He is the most recent addition to Head Coach Floyd Reifer’s coaching staff and will be part of this preparation period, which runs from November 15 to 28 at the Coolidge Cricket Ground in Antigua.

“We want to welcome Shivnarine Chanderpaul to the Rising Stars U19s group and we look forward to him working with our young players at this critical stage in their development pathway,” said CWI Director of Cricket Jimmy Adams.

“Shiv has a tremendous amount of cricketing knowledge and know-how and he will be a great addition to the coaching staff. We already have another icon of the game in Sir Curtly Ambrose, who has been involved with the squad since the camp in August, as well as several other outstanding coaches.”

Meanwhile, the CWI selection panel has named 28 players for the camp that follows the previous camp and trial matches held in August. The squad includes two newcomers – Jaden Leacock, a right-arm fast-medium bowler and right-hand batter and Kevin Wickham, a right-hand batter and right-arm wrist spinner – who will be assessed by the coaches and selectors.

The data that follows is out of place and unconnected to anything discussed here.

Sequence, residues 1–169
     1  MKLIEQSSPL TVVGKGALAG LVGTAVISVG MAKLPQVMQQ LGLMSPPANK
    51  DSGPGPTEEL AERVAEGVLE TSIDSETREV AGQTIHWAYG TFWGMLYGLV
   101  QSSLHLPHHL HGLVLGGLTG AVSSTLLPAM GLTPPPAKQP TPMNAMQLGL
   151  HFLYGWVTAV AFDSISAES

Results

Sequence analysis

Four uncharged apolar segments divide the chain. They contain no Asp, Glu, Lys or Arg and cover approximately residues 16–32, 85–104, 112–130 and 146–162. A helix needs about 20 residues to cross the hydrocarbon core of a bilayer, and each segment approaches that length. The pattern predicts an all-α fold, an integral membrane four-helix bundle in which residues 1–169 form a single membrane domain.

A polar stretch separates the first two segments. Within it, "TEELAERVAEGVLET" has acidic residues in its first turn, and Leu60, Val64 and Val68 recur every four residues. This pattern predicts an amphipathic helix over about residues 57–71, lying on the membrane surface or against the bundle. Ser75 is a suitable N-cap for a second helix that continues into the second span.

Robert Haynes, CWI’s Lead Selector for the West Indies Rising Stars U19s said he is looking forward to this next phase of the squad’s preparation.

“Having had a month-long camp in Antigua in August followed by the 18-man West Indies Under-19 squad tour of England, I am looking forward to seeing the continued progress and improvements of the various players as well as to interact with them to understand their thinking and approach to the game,” he said.

“The two-week camp will include four practice matches along with continued skills and physical development, and it’s an opportunity for all players invited to stake a claim for selection for the series at home and the ICC Under19 Cricket World Cup.”